• 8. MICRO: @MENTIONS (2013 ELECTION)
  • 9. INTERSECTIONS BETWEEN THE LAYERS • Micro + Meso + Macro: – Layers of communication do not exist in isolation – Information is transitioned from one layer to another – Key mechanism: retweets • Retweeting an @mention: micro  meso • Retweeting a hashtagged tweet: macro  meso • Retweeting (just by itself): meso1  meso2 • Retweeting while adding a hashtag: meso  macro • Retweeting while adding an @mention: meso  micro – These create intersections between different publics: • Between personal publics and issue publics (vertical) • Between different users’ personal publics (horizontal)
  • 10. #AUSPOL Follower/followee network: ~120,000 Australian Twitter users (of ~950,000 known accounts by early 2012) colour = #auspol tweets, size = indegree
  • 11. #ROYALWEDDING Follower/followee network: ~120,000 Australian Twitter users (of ~950,000 known accounts by early 2012) colour = #royalwedding tweets, size = indeg.
  • 12. 7.5 mins. elapsed @abcnews DISSEMINATION OF THE JULIA GILLARD ‘MISOGYNY SPEECH’ VIDEO, 9 OCT. 2012
  • 13. 30 mins. elapsed Journalists DISSEMINATION OF THE JULIA GILLARD ‘MISOGYNY SPEECH’ VIDEO, 9 OCT. 2012
  • 14. 1 hour elapsed Feminists DISSEMINATION OF THE JULIA GILLARD ‘MISOGYNY SPEECH’ VIDEO, 9 OCT. 2012
  • 15. 5 hours elapsed DISSEMINATION OF THE JULIA GILLARD ‘MISOGYNY SPEECH’ VIDEO, 9 OCT. 2012
  • 16. RESEARCH ON TALK IN TWITTER PUBLICS • #hashtags (macro): – Useful coordinating mechanism for discussion around key events – Relatively easy to capture and analyse – Fails to capture non-hashtagged tweets about the topic – Good case studies, but very little comparative work to date • @mentions (micro): – Backbone of everyday interpersonal communication on Twitter – Easy to track within a pre-defined population of accounts (e.g. politicians) – Studies on selected populations usually fail to examine everyday uses – Potential for significantly larger-scale studies yet to be realised • Follower/followee relations (meso): – Crucial contextual baseline for macro/micro-level studies – Slow and laborious data gathering process, never complete – Very long-term perspective, beyond the reach of most funded projects – But indispensable for study of Twitter as a public space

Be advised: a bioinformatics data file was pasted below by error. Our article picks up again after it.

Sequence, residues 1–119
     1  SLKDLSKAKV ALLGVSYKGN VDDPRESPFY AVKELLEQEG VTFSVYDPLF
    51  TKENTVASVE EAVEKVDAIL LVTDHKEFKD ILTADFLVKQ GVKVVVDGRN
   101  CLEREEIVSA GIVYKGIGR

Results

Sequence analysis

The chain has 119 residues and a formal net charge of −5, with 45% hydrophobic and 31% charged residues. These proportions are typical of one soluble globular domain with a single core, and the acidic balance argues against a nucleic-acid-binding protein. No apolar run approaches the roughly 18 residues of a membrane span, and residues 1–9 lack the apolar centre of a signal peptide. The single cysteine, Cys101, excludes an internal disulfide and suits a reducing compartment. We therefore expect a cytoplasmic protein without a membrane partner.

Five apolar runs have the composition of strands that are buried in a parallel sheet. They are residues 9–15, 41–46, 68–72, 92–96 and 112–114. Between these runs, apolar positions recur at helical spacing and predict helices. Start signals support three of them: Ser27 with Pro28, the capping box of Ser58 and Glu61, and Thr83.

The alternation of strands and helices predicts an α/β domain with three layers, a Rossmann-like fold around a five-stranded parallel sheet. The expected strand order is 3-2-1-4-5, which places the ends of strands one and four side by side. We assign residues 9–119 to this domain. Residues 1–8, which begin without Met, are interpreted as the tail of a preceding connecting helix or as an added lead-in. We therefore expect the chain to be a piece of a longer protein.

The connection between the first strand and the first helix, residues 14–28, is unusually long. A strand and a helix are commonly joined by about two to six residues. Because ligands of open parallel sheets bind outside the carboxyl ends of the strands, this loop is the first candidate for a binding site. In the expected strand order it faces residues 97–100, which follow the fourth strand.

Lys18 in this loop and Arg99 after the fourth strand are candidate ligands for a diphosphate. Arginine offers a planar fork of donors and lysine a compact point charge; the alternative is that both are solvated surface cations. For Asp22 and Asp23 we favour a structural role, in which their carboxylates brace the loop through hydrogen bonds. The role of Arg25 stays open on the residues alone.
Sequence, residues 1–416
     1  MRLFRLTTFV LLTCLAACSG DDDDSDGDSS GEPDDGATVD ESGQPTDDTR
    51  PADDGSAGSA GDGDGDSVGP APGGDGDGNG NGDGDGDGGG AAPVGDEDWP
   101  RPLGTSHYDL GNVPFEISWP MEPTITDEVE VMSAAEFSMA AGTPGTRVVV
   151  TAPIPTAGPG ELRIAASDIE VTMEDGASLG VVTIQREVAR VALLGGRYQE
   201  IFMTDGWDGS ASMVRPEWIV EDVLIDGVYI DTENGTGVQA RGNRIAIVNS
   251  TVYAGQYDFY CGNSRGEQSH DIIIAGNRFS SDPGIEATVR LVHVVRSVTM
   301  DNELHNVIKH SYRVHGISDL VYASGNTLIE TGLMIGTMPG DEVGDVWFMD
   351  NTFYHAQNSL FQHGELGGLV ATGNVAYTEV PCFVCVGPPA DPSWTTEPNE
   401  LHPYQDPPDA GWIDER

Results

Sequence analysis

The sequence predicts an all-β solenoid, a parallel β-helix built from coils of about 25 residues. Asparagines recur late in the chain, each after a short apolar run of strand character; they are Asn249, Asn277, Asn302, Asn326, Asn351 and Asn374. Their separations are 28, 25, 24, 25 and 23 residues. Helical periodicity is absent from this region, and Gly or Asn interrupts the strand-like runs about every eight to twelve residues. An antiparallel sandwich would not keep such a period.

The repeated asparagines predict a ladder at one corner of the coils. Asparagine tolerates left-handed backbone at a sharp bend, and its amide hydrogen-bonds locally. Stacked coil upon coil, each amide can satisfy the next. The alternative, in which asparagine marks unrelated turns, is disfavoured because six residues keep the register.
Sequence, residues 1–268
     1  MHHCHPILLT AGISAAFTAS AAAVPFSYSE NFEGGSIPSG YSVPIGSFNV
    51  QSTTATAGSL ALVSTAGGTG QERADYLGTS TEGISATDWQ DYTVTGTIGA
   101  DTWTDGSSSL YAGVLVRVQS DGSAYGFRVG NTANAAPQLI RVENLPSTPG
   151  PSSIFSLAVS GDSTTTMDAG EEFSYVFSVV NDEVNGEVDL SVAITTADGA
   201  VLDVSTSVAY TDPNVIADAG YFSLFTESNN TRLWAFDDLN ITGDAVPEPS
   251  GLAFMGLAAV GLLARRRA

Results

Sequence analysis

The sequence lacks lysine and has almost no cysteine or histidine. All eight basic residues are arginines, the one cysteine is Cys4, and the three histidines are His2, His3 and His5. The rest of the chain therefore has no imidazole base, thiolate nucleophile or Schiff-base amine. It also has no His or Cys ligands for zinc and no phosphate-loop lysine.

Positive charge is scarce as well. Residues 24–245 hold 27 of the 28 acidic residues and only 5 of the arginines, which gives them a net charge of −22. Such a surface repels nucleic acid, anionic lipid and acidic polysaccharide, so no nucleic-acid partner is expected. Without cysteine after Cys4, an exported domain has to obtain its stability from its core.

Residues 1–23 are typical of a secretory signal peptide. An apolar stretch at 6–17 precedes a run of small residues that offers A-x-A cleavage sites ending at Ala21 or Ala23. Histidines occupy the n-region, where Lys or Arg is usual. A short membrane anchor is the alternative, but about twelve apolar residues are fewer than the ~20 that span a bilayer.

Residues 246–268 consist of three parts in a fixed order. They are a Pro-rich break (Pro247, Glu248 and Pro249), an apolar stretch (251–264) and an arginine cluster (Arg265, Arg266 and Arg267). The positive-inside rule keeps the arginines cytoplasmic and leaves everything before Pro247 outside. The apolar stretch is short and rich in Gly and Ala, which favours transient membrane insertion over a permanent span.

• 17. NONE OF THIS IS NEW (BUT…) • Beyond ‘the’ public sphere: – Need to revisit and refashion existing theories for a post-mass media media ecology – Multiple overlapping publics at different levels, driven by network logics • Publics on Twitter: – What drives their formation and dissipation? – How do they interact and interweave? – How are they interleaved with the wider media ecology? – Twitter doesn’t contain publics: publics transcend Twitter • Twitter and society: – To what extent does Twitter mirror broader communicative patterns? – Can we apply ‘big social data’ research methods beyond Twitter itself?
  • 18. http://mappingonlinepublics.net/ @snurb_dot_info @jeanburgess @timhighfield @dpwoodford @tsadkowsky